How to find new audiences?
You will usually find that each one of your successful competitors excels at targeting one or more specific audiences, in many cases things that the others have missed entirely. Leverage these insights to create highly precise personas and target them accordingly to maximize your business potential.
This task typically falls to those managing data, “data analysts”, “data scientists” or your CRO expert. These days CRO and SEO are pretty much inseparable, neither field of expertise can provide optimal results without the other but together provide the means to grow your business by identifying untapped, under optimized audiences.
Social media analytics
Facebook ads provide a wealth of information about your target demographics which in turn allows you to learn about your audience, as to which converts best.
However, the narrower (focused) the targeting the more expensive the ads are, but if money is no barrier then it’s a great way to learn about your customers.
Social media is a double-edged sword, on one hand, it allows you to see who your competitor’s audience is, on the other hand, it also allows them to see yours. Therefore success is increasingly about who can leverage data the most effectively. They don’t need to see your analytics dashboard to see who is following your social customer service channels, or even just those who follow you. Tools exist that enable the scraping of data from social media profiles, from which an expert can easily create additional personas’ to target.
How to convert new audiences?
The answer to this question is to carry out a gap analysis on your website content to see what you are missing in relation to newly identified audiences and then create content that speaks to them personally.
If the new audience source is from competitor research, do a gap analysis on their content to see how better to target their successful audience (your new audience).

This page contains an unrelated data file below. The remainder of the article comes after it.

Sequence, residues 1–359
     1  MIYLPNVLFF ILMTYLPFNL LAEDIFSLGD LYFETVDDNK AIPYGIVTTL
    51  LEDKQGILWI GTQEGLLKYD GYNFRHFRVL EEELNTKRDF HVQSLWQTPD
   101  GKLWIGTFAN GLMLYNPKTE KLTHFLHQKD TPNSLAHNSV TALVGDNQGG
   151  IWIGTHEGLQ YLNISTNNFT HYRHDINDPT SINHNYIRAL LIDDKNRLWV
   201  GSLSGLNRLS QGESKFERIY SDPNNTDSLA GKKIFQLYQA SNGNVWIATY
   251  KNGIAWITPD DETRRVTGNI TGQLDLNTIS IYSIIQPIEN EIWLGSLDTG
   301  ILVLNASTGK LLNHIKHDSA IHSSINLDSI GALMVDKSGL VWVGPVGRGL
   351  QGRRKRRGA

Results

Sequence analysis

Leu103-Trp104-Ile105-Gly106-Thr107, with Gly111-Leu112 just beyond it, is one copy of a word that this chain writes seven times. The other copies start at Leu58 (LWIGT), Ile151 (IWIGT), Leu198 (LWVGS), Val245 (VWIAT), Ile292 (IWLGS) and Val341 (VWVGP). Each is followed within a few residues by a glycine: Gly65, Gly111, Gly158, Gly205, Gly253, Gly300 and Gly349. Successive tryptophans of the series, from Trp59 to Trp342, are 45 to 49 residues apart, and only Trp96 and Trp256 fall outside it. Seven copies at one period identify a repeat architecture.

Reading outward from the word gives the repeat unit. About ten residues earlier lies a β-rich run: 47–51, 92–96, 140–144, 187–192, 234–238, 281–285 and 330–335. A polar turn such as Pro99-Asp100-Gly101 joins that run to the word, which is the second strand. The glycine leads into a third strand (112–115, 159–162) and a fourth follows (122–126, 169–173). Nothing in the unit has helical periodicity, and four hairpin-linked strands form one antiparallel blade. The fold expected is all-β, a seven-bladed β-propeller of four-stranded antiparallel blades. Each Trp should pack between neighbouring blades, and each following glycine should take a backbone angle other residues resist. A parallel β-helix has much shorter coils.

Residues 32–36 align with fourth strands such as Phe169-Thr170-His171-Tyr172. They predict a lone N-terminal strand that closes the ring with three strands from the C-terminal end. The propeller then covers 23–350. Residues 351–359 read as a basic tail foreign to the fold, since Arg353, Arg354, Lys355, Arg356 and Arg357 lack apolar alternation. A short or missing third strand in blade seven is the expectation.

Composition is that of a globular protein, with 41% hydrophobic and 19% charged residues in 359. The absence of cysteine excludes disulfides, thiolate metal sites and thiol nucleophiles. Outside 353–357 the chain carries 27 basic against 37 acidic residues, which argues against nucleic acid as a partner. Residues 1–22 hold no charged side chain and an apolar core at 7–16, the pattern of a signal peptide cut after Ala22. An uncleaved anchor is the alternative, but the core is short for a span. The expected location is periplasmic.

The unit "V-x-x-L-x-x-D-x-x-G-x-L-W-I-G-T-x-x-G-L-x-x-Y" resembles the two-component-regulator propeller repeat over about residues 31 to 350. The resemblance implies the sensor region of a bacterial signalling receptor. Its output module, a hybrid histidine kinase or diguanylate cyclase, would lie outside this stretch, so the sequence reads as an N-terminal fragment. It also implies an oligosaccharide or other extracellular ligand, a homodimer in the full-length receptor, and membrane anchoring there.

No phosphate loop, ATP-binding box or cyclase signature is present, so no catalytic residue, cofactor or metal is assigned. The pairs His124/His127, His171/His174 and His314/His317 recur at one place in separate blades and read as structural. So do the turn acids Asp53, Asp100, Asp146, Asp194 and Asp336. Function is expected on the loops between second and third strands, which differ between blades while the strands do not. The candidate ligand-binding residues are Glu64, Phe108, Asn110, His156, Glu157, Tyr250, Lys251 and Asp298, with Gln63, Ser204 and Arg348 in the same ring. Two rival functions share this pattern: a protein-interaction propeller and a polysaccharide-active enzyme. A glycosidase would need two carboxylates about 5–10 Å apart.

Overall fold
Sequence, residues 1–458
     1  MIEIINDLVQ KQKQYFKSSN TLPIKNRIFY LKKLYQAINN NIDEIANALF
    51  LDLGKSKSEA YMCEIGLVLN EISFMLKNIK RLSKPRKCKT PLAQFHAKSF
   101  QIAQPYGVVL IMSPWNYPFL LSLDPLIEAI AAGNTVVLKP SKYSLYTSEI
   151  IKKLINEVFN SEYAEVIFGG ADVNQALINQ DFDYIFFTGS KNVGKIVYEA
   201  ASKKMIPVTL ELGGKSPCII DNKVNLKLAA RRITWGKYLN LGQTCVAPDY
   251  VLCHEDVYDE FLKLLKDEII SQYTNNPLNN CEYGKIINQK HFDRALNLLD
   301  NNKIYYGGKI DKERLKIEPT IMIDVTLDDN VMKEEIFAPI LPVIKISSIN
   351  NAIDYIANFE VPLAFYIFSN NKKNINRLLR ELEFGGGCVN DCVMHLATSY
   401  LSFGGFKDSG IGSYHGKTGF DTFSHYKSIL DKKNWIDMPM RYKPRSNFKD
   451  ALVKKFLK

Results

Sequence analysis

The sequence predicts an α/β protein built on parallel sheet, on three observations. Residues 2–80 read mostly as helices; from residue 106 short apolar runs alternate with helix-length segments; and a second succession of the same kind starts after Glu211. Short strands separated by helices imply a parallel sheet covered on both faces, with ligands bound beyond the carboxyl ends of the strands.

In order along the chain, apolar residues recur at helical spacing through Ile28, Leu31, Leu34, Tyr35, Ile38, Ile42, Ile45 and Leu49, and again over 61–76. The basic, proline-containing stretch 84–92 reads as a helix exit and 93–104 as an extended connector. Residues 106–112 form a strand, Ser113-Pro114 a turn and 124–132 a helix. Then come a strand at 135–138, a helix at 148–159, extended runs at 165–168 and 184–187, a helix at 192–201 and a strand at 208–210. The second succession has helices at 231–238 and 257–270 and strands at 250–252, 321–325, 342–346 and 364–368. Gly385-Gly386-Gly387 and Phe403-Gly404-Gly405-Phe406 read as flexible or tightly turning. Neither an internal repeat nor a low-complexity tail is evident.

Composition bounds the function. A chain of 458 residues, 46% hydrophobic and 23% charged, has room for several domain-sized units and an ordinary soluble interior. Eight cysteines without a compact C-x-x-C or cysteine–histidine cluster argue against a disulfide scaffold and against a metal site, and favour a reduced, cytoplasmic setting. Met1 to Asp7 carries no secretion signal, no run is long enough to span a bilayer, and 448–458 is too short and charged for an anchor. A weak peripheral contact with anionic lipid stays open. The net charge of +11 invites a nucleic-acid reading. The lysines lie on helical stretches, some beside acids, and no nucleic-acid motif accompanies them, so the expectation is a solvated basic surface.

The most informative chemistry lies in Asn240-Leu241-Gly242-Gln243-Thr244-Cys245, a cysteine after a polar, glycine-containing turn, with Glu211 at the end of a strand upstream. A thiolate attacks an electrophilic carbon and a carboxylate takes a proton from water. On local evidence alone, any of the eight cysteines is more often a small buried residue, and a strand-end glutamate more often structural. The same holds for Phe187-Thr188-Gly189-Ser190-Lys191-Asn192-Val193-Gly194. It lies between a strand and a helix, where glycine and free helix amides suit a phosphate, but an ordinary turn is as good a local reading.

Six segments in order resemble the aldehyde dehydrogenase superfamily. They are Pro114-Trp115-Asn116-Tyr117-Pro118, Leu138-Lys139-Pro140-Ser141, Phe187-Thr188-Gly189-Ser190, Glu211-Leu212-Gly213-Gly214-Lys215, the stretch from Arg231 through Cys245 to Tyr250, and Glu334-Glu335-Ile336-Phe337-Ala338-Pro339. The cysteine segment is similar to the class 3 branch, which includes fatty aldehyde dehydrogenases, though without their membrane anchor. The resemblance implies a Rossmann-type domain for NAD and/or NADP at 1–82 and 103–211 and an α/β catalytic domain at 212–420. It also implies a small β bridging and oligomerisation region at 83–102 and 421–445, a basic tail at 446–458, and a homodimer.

Once you feel you understand the needs, wants, desires and pain points of this new audience create a customer journey map with defined steps or stages that map content to a conversion funnel.
Then choose a method of targeting your new audience. This can be via one or more landing pages, through real-time messages or popups that detect user-intent.
Most importantly, leverage consumer psychology and emotion to communicate with your readers in order to trigger that buying urge in your visitors, – which is effectively the art of conversion rate optimization. Always carry out onsite retargeting before resorting to offsite advertising in order to optimize conversion first (i.e. not Facebook Ads, Google Ads etc).
In order to leverage and convert a new potential audience you need to ask the question ‘how can I appeal to this group”. Your competitors provide a good example of how, but your goal should not be to just copy their strategic approach but rather make it even better, “own the audience”. By doing so you cut down your competitors while growing your own business.
In many cases, you will find that your competitors have found their most profitable customers by accident, and thus have not done everything they can to optimize these avenues of income. Thus providing you with the perfect opportunity to own future business.